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HomeNewsCaribbean NewsGlobal and regional estimates of genital human papillomavirus prevalence among men

Global and regional estimates of genital human papillomavirus prevalence among men

GENEVA, Switzerland – New study has been published today in The Lancet Global Health showing that almost one in three men over the age of 15 are infected with at least one genital human papillomavirus (HPV) type and one in five are infected with one or more of what are known as high risk, or oncogenic, HPV types.

These estimates show that men frequently harbour genital HPV infections and emphasize the importance of incorporating men in efforts to control HPV infection and to reduce the incidence of HPV-related disease in both men and women.

Most HPV infections cause no symptoms and clear without intervention, but certain types of HPV can lead to anogenital warts or cancer. HPV is the leading cause of cervical cancer in women and each year more than 340,000 women die of cervical cancer related to HPV.

In men, IARC estimated that in 2018 there were more than 69,400 of cases of cancer caused by HPV. HPV-related cancers in men include penile, anal, oral and throat cancers.

Background

The epidemiology of human papillomavirus (HPV) in women has been well documented. Less is known about the epidemiology of HPV in men. We aim to provide updated global and regional pooled overall, type-specific, and age-specific prevalence estimates of genital HPV infection in men.

Methods

We conducted a systematic review and meta-analysis to assess the prevalence of genital HPV infection in the general male population. We searched Embase, Ovid MEDLINE, and the Global Index Medicus for studies published between January 1, 1995, and June 1, 2022. Inclusion criteria were population-based surveys in men aged 15 years or older or HPV prevalence studies with a sample size of at least 50 men with no HPV-related pathology or known risk factors for HPV infection that collected samples from anogenital sites and used PCR or hybrid capture 2 techniques for HPV DNA detection.

Exclusion criteria were studies conducted among populations at increased risk of HPV infection, exclusively conducted among circumcised men, and based on urine or semen samples. We screened identified reports and extracted summary-level data from those that were eligible. Data were extracted by two researchers independently and reviewed by a third, and discrepancies were resolved by consensus. We extracted only data on mucosal α-genus HPVs. Global and regional age-specific prevalences for any HPV, high-risk (HR)-HPV, and individual HPV types were estimated using random-effects models for meta-analysis and grouped by UN Sustainable Development Goals geographical classification.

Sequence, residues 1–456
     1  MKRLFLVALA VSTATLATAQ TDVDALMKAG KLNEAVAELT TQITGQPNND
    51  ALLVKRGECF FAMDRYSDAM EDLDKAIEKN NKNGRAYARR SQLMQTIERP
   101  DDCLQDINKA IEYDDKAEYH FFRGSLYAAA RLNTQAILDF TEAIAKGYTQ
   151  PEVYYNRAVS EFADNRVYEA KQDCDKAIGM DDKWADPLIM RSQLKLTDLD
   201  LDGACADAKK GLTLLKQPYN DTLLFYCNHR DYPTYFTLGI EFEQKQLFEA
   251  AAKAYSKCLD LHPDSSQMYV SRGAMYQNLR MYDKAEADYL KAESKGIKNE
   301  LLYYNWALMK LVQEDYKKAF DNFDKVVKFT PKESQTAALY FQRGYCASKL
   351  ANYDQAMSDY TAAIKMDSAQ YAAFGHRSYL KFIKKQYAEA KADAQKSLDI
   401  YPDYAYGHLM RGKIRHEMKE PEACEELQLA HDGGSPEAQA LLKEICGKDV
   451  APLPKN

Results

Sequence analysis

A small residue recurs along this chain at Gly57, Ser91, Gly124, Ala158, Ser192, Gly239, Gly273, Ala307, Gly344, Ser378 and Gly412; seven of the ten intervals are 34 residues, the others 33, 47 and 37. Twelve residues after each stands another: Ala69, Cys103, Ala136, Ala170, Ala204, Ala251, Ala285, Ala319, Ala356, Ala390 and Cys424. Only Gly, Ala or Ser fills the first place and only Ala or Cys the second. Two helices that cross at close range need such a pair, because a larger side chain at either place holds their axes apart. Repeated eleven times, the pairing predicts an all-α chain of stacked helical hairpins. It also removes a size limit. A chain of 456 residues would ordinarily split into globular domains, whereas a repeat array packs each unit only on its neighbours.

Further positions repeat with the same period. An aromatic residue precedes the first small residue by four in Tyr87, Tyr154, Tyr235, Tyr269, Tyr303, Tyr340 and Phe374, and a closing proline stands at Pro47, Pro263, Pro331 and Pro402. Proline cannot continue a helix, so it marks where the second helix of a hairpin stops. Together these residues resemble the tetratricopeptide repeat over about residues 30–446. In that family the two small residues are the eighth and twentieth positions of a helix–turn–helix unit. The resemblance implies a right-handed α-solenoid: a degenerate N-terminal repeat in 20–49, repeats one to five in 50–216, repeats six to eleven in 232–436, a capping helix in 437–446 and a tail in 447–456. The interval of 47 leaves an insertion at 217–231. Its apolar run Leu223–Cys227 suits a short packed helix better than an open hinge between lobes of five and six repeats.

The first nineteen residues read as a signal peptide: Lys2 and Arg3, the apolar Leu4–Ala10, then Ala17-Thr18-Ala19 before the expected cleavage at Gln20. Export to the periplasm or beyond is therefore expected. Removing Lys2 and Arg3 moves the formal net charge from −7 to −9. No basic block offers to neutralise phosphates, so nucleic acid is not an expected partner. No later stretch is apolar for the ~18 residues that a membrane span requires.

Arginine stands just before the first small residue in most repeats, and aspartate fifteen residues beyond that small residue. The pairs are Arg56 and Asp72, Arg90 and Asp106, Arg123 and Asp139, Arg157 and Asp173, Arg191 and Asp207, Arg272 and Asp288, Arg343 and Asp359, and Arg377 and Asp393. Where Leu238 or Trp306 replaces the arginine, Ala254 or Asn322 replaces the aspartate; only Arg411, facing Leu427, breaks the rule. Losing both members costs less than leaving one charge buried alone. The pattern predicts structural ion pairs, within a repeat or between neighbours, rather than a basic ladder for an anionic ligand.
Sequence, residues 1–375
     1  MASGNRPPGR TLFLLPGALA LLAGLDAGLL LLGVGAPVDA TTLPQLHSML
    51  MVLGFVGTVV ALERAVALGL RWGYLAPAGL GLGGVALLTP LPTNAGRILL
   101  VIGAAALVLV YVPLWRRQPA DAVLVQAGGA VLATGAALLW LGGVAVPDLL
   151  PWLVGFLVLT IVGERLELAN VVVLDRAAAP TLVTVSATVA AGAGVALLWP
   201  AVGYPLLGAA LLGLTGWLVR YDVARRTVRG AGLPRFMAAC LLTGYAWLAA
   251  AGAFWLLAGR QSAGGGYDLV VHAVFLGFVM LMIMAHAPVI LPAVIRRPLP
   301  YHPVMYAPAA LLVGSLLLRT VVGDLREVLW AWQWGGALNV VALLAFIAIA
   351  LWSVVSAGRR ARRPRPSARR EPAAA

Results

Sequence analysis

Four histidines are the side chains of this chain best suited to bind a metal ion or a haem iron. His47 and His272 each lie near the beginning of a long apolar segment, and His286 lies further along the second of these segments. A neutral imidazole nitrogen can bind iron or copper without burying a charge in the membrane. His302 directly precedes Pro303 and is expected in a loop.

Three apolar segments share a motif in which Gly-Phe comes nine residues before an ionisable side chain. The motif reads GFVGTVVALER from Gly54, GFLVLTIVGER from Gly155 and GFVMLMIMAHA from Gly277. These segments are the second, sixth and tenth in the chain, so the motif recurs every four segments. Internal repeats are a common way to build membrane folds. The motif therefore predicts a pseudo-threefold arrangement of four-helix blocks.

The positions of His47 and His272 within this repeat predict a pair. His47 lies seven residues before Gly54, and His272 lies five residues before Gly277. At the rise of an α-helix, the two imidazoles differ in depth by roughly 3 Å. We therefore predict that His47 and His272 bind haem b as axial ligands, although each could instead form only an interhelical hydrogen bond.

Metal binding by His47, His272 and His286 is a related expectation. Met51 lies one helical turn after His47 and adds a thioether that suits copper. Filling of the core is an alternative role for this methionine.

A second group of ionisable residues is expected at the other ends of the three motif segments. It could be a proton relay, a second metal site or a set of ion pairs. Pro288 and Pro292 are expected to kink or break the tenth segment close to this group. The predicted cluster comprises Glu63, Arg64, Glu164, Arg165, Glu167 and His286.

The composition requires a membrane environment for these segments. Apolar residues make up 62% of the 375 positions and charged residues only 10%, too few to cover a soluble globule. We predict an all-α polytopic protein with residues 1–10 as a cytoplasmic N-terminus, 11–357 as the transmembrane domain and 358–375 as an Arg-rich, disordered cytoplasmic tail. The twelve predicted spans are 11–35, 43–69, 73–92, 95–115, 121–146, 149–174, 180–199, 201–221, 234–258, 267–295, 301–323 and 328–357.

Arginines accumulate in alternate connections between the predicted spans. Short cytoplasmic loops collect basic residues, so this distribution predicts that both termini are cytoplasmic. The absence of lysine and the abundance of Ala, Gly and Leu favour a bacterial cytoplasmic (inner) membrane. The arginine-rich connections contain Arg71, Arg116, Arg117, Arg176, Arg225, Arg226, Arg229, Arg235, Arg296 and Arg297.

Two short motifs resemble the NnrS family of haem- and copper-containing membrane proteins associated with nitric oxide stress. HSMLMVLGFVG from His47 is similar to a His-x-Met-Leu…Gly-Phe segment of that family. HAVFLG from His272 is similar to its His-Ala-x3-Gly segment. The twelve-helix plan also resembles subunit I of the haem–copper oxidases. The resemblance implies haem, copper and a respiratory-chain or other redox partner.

Findings

We identified 5685 publications from database searches, of which 65 studies (comprising 44 769 men) were included from 35 countries. The global pooled prevalence was 31 percent (95% CI 27–35) for any HPV and 21 percent (18–24) for HR-HPV. HPV-16 was the most prevalent HPV genotype (5%, 95% CI 4–7) followed by HPV-6 (4%, 3–5). HPV prevalence was high in young adults, reaching a maximum between the ages of 25 years and 29 years, and stabilised or slightly decreased thereafter. Pooled prevalence estimates were similar for the UN Sustainable Development Goal geographical regions of Europe and Northern America, Sub-Saharan Africa, Latin America and the Caribbean, and Australia and New Zealand (Oceania). The estimates for Eastern and South-Eastern Asia were half that of the other regions.

Interpretation

Almost one in three men worldwide are infected with at least one genital HPV type and around one in five men are infected with one or more HR-HPV types. Our findings show that HPV prevalence is high in men over the age of 15 years and support that sexually active men, regardless of age, are an important reservoir of HPV genital infection. These estimates emphasise the importance of incorporating men in comprehensive HPV prevention strategies to reduce HPV-related morbidity and mortality in men and ultimately achieve elimination of cervical cancer and other HPV-related diseases.

Funding

Instituto de Salud Carlos III, European Regional Development Fund, Secretariat for Universities and Research of the Department of Business and Knowledge of the government of Catalonia, and Horizon 2020.

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